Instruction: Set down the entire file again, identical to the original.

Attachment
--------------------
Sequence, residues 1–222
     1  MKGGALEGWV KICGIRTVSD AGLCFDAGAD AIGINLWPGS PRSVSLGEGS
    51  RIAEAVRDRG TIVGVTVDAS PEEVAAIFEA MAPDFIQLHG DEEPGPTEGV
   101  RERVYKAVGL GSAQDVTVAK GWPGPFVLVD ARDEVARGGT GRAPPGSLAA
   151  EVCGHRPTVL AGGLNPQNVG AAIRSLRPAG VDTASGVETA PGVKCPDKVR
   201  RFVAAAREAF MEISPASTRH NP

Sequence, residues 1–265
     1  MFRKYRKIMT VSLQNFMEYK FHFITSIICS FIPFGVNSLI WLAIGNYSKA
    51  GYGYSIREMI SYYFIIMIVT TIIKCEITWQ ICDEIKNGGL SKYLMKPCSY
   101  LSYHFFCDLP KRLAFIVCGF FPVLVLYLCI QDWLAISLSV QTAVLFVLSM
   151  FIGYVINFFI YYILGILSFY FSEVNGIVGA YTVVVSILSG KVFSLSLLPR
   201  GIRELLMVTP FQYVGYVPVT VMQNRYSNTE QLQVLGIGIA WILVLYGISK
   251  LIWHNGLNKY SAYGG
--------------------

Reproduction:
Sequence, residues 1–222
     1  MKGGALEGWV KICGIRTVSD AGLCFDAGAD AIGINLWPGS PRSVSLGEGS
    51  RIAEAVRDRG TIVGVTVDAS PEEVAAIFEA MAPDFIQLHG DEEPGPTEGV
   101  RERVYKAVGL GSAQDVTVAK GWPGPFVLVD ARDEVARGGT GRAPPGSLAA
   151  EVCGHRPTVL AGGLNPQNVG AAIRSLRPAG VDTASGVETA PGVKCPDKVR
   201  RFVAAAREAF MEISPASTRH NP

Sequence, residues 1–265
     1  MFRKYRKIMT VSLQNFMEYK FHFITSIICS FIPFGVNSLI WLAIGNYSKA
    51  GYGYSIREMI SYYFIIMIVT TIIKCEITWQ ICDEIKNGGL SKYLMKPCSY
   101  LSYHFFCDLP KRLAFIVCGF FPVLVLYLCI QDWLAISLSV QTAVLFVLSM
   151  FIGYVINFFI YYILGILSFY FSEVNGIVGA YTVVVSILSG KVFSLSLLPR
   201  GIRELLMVTP FQYVGYVPVT VMQNRYSNTE QLQVLGIGIA WILVLYGISK
   251  LIWHNGLNKY SAYGG